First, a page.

Inderscience Publishers

Public attitudes to the use of wildlife by Aboriginal Australians: marketing of wildlife and its conservation

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Indigenous Australians have socioeconomic attributes similar to those of residents in some developing countries. Their utilisation of wildlife could add to their economic opportunities. Attitudes of a sample of the Australian public towards the subsistence use of wildlife by Indigenous Australians and whether or not they should be allowed to sell wildlife and wildlife products are examined. Allowing such possibilities could provide economic incentives for nature conservation among local people. We explore whether those sampled believe that Indigenous Australians should do more than other groups and institutions to conserve Australia's tropical species, and whether or not they should be allowed to take common as well as endangered wildlife species for food. Attitudes of the sampled public towards Indigenous Australians earning income from trophy hunting and from the harvesting of northern long-necked turtles for the pet trade are canvassed. The possible conservation consequences of sale of wildlife by Indigenous Australians are discussed.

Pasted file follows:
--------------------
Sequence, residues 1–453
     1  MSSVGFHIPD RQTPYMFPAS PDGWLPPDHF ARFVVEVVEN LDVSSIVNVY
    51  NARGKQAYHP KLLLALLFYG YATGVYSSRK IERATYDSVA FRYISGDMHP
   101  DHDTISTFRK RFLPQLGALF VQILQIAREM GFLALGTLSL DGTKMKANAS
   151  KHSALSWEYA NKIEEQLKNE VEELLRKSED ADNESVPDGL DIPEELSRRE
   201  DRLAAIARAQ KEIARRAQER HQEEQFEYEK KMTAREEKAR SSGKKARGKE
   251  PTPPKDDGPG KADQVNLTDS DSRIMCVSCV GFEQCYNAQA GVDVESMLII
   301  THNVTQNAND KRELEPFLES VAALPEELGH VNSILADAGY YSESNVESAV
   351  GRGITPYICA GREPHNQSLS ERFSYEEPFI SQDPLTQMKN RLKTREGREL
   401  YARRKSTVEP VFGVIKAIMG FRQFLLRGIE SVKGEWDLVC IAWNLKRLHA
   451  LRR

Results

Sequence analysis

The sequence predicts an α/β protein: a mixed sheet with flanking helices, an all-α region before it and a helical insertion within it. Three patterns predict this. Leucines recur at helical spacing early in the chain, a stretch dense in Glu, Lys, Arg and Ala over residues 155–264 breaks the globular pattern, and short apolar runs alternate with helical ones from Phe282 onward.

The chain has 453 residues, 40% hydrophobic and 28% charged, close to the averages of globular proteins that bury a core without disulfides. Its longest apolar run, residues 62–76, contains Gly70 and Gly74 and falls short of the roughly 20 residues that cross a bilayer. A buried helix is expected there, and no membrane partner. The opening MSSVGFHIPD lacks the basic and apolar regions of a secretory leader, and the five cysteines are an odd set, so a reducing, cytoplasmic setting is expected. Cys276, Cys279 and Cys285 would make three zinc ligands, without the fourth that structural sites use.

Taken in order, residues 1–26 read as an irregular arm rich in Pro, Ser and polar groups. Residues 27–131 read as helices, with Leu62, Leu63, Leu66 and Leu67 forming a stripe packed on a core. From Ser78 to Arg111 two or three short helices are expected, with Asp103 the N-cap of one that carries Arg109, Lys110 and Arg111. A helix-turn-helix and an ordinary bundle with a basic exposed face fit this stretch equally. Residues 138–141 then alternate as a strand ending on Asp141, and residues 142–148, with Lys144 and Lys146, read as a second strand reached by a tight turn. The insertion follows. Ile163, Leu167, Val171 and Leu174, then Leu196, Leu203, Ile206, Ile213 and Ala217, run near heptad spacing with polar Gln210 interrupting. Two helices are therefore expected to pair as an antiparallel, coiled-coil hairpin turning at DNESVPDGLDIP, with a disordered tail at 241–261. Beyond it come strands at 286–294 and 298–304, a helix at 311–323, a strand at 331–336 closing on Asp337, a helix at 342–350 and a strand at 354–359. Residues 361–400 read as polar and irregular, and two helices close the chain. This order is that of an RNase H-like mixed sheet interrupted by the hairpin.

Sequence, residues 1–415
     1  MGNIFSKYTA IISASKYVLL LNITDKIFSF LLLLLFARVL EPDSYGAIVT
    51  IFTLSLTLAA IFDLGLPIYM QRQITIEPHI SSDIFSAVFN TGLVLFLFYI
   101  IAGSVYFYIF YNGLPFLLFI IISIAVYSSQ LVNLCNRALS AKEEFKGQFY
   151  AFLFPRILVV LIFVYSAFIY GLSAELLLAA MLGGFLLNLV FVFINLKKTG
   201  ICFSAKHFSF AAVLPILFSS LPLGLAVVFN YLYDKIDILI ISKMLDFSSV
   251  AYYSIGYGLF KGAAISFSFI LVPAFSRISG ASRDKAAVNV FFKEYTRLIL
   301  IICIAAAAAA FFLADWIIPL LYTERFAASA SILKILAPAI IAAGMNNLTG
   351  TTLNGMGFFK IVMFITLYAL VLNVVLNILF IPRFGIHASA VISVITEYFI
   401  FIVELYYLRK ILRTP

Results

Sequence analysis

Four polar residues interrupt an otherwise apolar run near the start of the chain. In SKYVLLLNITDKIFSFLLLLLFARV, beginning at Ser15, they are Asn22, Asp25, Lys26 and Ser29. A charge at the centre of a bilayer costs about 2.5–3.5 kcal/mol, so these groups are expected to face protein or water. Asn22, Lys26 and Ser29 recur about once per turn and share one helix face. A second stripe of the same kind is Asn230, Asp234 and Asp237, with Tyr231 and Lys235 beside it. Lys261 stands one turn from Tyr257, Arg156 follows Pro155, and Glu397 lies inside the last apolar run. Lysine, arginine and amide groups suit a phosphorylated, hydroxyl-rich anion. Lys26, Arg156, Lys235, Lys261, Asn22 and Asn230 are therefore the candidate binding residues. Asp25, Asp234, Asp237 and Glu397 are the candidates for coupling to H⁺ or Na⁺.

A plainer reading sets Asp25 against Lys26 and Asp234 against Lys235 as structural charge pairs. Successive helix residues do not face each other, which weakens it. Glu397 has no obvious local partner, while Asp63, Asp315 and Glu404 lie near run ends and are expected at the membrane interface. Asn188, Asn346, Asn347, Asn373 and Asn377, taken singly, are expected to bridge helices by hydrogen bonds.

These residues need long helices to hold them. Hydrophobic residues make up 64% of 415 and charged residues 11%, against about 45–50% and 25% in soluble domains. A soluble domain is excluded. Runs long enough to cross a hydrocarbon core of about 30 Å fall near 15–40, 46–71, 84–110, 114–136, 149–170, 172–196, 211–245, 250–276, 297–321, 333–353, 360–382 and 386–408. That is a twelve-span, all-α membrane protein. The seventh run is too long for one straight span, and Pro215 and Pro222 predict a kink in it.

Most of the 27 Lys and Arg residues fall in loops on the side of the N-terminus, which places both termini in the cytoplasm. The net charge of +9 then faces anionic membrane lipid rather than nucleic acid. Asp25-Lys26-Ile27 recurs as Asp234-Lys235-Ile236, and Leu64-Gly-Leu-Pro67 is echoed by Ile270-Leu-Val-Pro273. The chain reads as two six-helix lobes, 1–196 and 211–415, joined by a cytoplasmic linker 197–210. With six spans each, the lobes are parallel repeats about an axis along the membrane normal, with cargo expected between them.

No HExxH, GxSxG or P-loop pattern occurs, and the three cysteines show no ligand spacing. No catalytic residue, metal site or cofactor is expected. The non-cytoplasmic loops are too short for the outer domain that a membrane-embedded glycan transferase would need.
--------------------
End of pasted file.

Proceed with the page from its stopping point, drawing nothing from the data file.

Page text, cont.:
Keywords: Australia, Australian aborigines, indigenous rights, public attitudes, conservation, subsistence rights, sustainable use, resource management, wildlife conservation, sustainability, marketing, trophy hunting, pet trade, wildlife sales

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